In order to best provide electric and broadband service to the largest county in Washington, we have offices where you live and work in Oroville, Tonasket, Omak, Okanogan, Brewster and Twisp. Not only do we work in your areas, we live in your neighborhoods, have kids in your schools and attend your churches. We volunteer our time to raise funds for local organizations and work diligently to support local activities and businesses. Because the area in which we serve is also the area in which we live, doing the job timely and accurately is not simply good work practice, it is good people practice. It is the way we live.
Provide dependable public utility services at a reasonable cost, governed by, and for the benefit of, our customers in a safe and environmentally responsible manner.
Our service area includes all of Okanogan County (5,315 square miles), which is the largest county in the State of Washington. In addition, two electric co-ops and one municipal system also provide service in the county. We serve approximately 20,500 customers composed mainly of residential, commercial and irrigation accounts. Our electric system consists of approximately 1,373 miles of overhead and 437 miles of underground distribution lines. We also own a 115 kV transmission system, which consists of approximately 104 miles of line and 16 major substations. In addition, we provide wholesale, cost-based broadband service to retail service providers, who provide their service to the residents and businesses of Okanogan County. This system also serves the internal needs of the District for communications and SCADA.
Our main office is in the city of Okanogan, and we have additional offices in the towns of Oroville, Tonasket, Omak, Brewster and Twisp. All our . office information is available here
Our major sources of power are hydro and wind. We currently receive 10% output of the , 16% output of Wells Hydro Project and we are a Nine Canyon Wind Farm customer. The District is exploring other sources of power supply to cover future load growth and I-937 ( BPA block ) issues, as well as the Energy Independence Act - Read more in our Clean Energy Transition Act . Clean Energy Implementation Plan
In 1936 the Washington State Legislature passed legislation authorizing formation of public utility districts. The debate then centered on local issues of public versus private power until 1939 when the voters approved forming their own public utility district. That action put in motion engineering studies, financing proposals, negotiations, and legal challenges with the existing power company, the Washington Water Power Company (WWP). This process consumed six years until May 11, 1945 when the Okanogan County PUD paid Washington Water Power $2,314,240.33 for the entire system in Okanogan County, including Enloe Dam and a transmission line from Chelan and began operating its own electric system.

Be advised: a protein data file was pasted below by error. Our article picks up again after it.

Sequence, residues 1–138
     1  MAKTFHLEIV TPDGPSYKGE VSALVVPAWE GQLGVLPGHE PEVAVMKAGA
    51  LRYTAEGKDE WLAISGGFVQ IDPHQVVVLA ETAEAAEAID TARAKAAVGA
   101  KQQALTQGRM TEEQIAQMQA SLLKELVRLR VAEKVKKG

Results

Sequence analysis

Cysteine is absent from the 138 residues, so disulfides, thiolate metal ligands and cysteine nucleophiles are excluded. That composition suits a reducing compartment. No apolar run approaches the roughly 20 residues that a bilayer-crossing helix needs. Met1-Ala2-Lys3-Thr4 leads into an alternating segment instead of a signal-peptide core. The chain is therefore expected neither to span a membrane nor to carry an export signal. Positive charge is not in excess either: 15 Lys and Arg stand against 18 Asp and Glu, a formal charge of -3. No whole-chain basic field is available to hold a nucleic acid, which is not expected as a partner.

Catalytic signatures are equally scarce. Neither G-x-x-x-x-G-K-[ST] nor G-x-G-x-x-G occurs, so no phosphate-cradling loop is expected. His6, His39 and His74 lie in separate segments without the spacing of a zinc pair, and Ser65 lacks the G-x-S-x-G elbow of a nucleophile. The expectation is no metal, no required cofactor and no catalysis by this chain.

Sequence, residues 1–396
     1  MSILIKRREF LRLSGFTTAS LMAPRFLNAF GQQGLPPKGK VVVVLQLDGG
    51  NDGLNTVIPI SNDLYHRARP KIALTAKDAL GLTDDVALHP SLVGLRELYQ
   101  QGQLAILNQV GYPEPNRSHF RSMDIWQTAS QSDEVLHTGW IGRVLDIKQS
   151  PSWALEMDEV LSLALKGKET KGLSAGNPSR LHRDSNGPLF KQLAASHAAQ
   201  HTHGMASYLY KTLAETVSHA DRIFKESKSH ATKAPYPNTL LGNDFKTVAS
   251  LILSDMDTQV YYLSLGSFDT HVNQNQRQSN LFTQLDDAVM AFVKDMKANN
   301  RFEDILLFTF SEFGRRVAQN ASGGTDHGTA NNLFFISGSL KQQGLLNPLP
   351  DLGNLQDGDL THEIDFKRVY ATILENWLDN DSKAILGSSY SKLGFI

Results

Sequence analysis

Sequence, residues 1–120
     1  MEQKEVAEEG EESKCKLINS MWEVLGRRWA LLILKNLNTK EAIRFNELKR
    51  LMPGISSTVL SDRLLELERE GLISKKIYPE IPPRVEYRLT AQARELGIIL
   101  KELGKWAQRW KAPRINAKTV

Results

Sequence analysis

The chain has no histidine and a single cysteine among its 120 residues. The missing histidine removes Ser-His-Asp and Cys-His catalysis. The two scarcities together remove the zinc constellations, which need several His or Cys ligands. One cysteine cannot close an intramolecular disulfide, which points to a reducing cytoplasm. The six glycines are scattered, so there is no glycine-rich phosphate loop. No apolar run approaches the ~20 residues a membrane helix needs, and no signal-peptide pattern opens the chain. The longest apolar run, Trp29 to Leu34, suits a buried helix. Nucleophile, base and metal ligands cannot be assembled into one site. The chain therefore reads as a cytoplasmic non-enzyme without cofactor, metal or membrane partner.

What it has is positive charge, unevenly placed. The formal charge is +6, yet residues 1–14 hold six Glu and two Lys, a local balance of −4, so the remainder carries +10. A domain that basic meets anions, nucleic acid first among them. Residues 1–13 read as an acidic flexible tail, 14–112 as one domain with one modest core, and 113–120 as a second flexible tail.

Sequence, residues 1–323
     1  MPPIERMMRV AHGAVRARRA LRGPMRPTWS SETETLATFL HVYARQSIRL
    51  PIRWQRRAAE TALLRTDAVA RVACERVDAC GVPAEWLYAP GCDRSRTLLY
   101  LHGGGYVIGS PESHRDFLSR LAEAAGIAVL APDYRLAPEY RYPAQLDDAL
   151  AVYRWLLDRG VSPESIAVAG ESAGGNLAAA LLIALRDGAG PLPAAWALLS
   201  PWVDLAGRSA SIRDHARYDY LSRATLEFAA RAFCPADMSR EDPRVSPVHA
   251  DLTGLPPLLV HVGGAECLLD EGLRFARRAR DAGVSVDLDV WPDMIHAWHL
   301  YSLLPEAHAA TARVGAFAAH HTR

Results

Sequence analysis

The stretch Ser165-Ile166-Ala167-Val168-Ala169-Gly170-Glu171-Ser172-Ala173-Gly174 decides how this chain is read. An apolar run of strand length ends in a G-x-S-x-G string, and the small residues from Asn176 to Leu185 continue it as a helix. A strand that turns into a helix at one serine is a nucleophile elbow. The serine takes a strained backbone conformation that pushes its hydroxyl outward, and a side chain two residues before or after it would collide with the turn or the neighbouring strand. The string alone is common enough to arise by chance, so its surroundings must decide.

In the past 75 years, we have provided county residences and businesses with a low-cost, reliable source of electrical energy. Residential rates in 1946 were 1.6 cents per kWh (kilowatt-hour). That cost steadily decreased to a low of 0.94 cents per kWh in 1975. Today’s rates are still some of the lowest in the Northwest, the nation, and the world. You can view electric rates for various countries here.
In 2001 we began providing wholesale, cost-based broadband service to retail service providers, who provide their service to the residents and businesses of Okanogan County.
We have constructed an 82-mile fiber optic backbone from the Columbia River at Pateros to the Canadian border north of Oroville. In 2002, we began offering wholesale broadband services on wireless infrastructure. We planned our infrastructure to ultimately benefit all of our electrical customers.
The District’s electric system continues to steadily grow from 5,893 customers in 1945 to well over 20,000 customers today. Annual electric usage has also steadily increased from 3,255 KWH per residence in 1945 to 30,929 KWH today.
While the electrical requirements of the county increased, the number of employees employed by the PUD has also risen to nearly 100 full-time employees. The Board of Commissioners and our entire staff are dedicated to providing reliable electric service to Okanogan County. Efforts are continuing to acquire more low-cost power supplies and improve efficiencies within the electric system.
We are confident that we will continue to be a valuable asset to county residents by saving millions of dollars in power costs. The next 40 years will continue to provide us with opportunities with which we can continue to provide greater benefits to Okanogan County.